Ten Democratic senators urged President Barack Obama to cancel the Air Force’s Long Range Standoff (LRSO) weapon before he leaves office in January, according to a letter obtained by Defense Daily.
The senators urge Obama to scale back plans to construct “unneeded” new nuclear weapons and delivery systems, LRSO in particular. The senators also urge reforms to United States nuclear posture, including adopting no-first-use of nuclear weapons and canceling launch-on-warning plans to increase the time available to the commander-in-chief to consider launching nuclear weapons. The senators said the U.S. currently maintains plans to launch nuclear weapons in response to warning of a nuclear attack.
LRSO will replace the Air Force’s Air Launched Cruise Missile (ALCM), which has been operational since 1986. LRSO will be capable of penetrating and surviving advanced integrated air defense systems (IADS) from significant standoff range. Tom Karako, senior fellow of the international security program, missile defense project at the Center for Strategic and International Studies (CSIS) think tank, said Wednesday the ALCM's publicly available range is 2,500km, and LRSO would presumably have a similar range.
Obama has delivered speeches during his term emphasizing a goal of a world without nuclear weapons. In a May 27 speech in Hiroshima, Japan, Obama called on nuclear weapon-holding nations to pursue a world without nuclear weapons, stop their spread to new nations and secure deadly materials from fanatics. He said the world may not realize this goal in our lifetimes, but that it was worthy of persistent effort.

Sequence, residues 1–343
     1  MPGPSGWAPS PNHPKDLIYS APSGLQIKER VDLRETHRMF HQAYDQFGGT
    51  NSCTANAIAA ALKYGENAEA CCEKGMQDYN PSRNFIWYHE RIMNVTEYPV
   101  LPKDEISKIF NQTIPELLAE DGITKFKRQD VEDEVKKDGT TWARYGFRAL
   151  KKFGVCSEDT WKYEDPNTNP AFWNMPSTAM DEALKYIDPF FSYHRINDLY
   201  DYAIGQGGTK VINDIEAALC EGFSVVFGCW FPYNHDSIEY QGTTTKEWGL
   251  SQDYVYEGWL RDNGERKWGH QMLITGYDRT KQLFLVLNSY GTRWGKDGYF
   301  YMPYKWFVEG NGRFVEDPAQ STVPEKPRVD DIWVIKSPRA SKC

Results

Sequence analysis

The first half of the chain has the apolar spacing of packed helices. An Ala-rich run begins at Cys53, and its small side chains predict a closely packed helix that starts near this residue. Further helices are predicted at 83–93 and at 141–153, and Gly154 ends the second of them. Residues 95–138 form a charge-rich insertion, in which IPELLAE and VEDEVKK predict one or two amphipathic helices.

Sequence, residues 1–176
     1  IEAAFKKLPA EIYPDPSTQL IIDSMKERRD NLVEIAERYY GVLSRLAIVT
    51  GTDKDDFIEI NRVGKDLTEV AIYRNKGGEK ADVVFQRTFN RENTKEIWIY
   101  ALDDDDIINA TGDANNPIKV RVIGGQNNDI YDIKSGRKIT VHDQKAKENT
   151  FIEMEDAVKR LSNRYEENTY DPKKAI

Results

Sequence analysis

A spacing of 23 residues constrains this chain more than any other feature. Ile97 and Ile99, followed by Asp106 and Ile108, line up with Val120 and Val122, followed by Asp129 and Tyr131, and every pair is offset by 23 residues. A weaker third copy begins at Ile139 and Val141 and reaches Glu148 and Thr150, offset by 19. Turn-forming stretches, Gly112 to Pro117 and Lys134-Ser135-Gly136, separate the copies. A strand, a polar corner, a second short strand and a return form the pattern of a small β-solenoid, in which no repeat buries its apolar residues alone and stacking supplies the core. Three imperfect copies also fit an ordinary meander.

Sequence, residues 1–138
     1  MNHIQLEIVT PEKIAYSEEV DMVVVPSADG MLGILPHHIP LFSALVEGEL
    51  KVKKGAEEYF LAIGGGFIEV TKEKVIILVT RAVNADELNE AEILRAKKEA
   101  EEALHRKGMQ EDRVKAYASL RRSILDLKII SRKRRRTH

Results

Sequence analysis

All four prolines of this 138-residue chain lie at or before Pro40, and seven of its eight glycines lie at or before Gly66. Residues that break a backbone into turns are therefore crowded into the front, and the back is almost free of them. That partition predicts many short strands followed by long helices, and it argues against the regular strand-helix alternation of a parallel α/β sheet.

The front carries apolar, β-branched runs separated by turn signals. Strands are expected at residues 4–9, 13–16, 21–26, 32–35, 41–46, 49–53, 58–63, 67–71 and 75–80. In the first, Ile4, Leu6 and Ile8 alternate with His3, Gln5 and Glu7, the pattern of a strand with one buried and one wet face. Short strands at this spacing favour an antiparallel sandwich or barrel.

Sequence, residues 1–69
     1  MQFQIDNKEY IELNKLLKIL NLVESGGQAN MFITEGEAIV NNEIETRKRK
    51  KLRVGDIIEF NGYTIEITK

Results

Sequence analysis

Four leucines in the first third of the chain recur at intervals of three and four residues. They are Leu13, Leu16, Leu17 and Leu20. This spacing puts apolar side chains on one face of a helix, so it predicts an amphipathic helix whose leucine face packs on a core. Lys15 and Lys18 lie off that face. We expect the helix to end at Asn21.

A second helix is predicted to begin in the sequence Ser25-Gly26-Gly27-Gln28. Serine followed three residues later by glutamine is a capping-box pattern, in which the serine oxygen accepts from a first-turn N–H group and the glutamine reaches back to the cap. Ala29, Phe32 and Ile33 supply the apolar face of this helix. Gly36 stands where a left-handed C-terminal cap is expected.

The Defense Department is on the verge of modernizing its nuclear weapons enterprise, including refurbishing ICBMs and replacing Ohio-class nuclear submarines. The senators, in their letter, claim independent estimates suggest that nuclear weapons sustainment and modernization plans could cost nearly $1 trillion over the next 30 years.
The Air Force requested $96 million for LRSO in its fiscal year 2017 budget request. For fiscal years 2018-2021, the Air Force expects to request $2.1 billion for LRSO spending. The service expects a technology maturation and risk reduction contract award in the third quarter of FY ’17. The Air Force is currently conducting technology maturation and risk reduction development tasks aimed at meeting validated requirements prior to the engineering and manufacturing (EMD) phase, according to Air Force budget documents.
Karako said he supports LRSO development. He said without a standoff weapon in an anti-access/area-denial (A2/AD) environment, the United States lacks reliability and capability of penetrating this type of robust air defense environment. Karako opposed simply refurbishing ALCM as ALCM, he said, is not a stealthy system and has deep reliability problems. Plus, Karako said, you can only refurbish your 1982 car “so many times.”
On the other hand, Kingston Reif, director for disarmament and threat reduction policy at the Arms Control Association (ACA), argues the odds are rising that the next administration, assuming it is a Democratic one, delays or cancels LRSO and associated warhead refurbishment. Reif believes there is a growing realization among lawmakers and defense budget watchers that the current nuclear weapon spending plans are not sustainable and adjustments will need to be made. LRSO, Reif said, has become the most controversial aspect of the modernization plan.
The senators who signed the letter were: Edward Markey (Mass.), Dianne Feinstein (Calif.), Al Franken (Minn.), Barbara Boxer (Calif.), Jeffrey Merkley (Ore.), Bernard Sanders (Vt.), Elizabeth Warren (Mass.), Sherrod Brown (Ohio), Patrick Leahy (Vt.) and Ron Wyden (Ore.).